Sara Hughes is currently a junior from Davison, Michigan, double majoring in criminal justice and psychology. She plans to pursue a career in law enforcement at the federal level. Ms. Hughes’ winning essay was inspired by her recent trip to San Diego through the Alternative Spring Break program at MSU. While there, she was able to focus on immigration reform and was surprised at how much her views were tested during her short week on the US-Mexican border.
In her essay, she shares that, despite the diversity of the group of students on the trip who traveled together, they experienced a unity and respect for one another, simply because they were fellow Spartans. Growing up a small town in Michigan, she “was not exposed to much diversity at all.” She has found, since entering MSU, “many [intolerant] opinions being tested. Once I came to college, I met people from all over the planet and I quickly learned that not one of us is better than anyone else; we are all people chasing our dreams… While participating in my alternative spring break trip, I realized how much my perspectives had changed and how much I had grown since being away at college.”
Zakiya Suleiman is a junior from Ghana, West Africa, majoring in human biology. Quoting Jiminy Cricket, “If you don’t have a dream, how can you have a dream come true?” she shares that her greatest dream is to become a gynecologist after seeing “a room crowded with mothers and babies, hoping and waiting for a chance to see a doctor to take care of them…[who] went home the same way they came, helpless and in dire need of care.” This memory, she says, “constantly drives my passion.” She credits her school with helping her fulfill her dream; she says, “here [at Michigan State], I am treated as an individual, not as a number…. I have the opportunity to interact with people from so many different places and I have shared my culture with them just as they have shared theirs with me.”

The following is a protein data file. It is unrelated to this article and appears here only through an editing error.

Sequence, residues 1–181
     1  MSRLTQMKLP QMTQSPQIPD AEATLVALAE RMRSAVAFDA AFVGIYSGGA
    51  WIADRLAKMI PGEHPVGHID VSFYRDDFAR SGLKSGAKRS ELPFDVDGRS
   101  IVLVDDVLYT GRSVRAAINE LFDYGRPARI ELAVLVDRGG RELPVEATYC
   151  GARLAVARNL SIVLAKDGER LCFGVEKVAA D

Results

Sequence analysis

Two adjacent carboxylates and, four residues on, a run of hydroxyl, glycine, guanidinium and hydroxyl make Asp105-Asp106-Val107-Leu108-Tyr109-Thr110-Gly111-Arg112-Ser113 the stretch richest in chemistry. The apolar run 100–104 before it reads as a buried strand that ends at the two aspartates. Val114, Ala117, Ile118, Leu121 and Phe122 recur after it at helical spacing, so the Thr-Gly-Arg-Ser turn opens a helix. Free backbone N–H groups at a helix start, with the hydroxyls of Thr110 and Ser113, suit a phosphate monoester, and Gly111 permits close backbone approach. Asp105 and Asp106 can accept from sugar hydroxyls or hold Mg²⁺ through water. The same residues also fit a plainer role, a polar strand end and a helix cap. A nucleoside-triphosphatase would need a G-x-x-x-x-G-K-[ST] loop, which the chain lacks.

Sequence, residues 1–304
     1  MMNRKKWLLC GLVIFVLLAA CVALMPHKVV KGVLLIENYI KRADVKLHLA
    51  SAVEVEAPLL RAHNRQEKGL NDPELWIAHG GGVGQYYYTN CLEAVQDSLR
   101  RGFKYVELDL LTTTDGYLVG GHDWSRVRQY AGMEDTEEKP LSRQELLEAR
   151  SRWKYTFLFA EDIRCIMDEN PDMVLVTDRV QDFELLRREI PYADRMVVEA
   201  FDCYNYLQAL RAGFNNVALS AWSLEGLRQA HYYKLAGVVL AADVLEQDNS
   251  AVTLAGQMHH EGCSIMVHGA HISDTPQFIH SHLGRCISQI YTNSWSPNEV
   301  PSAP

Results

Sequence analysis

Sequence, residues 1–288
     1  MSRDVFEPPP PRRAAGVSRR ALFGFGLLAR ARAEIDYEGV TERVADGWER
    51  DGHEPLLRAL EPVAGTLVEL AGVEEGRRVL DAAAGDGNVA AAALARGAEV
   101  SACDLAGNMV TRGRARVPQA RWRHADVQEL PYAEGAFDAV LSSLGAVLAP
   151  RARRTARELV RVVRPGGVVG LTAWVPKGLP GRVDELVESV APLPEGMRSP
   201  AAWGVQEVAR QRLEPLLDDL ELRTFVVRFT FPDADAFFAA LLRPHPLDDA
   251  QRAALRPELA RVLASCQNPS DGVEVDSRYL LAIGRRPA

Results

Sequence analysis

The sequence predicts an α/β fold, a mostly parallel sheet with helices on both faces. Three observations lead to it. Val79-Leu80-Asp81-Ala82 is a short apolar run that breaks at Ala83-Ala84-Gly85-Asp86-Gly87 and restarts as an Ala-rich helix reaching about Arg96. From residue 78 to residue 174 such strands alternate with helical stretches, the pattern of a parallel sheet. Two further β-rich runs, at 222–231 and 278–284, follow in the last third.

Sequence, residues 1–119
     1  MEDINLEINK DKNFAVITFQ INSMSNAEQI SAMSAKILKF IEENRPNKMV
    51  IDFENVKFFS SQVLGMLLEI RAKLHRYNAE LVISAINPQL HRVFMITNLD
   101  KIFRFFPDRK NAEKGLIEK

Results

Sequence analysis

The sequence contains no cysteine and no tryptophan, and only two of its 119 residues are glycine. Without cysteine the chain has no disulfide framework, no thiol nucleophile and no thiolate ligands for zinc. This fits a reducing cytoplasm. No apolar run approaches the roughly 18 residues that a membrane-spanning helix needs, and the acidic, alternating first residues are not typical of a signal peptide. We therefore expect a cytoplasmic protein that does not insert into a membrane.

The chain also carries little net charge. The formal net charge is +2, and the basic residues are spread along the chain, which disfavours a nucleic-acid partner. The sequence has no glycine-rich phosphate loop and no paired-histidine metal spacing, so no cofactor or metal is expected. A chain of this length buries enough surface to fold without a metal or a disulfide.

Lana Zuck is a freshman from Dansville, Michigan, majoring in elementary education. Despite many hardships during her childhood, she hopes to inspire others to “pursue their dreams even when their aspirations seem unattainable.” She shares further, “At Michigan State University there are people from all over the world who are dreamers, doers, believers, and thinkers. I have found that the students, faculty, and staff here at Michigan State accept people for everything that they are because every Spartan has a story that deserves to be understood.”
The winners of the I Have a Dream essay contest will receive gift cards to the Spartan Bookstore and will have their essays published, along with their short bios, in the 2014 Freshman Orientation Booklet. Judging by their inspiring essays, these students are indeed leaving an impressive footprint on their university, their nation, and the world as they share “the Spartan perspective.”
Check back tomorrow, when we’ll post all four of these great essays here on BTN LiveBIG!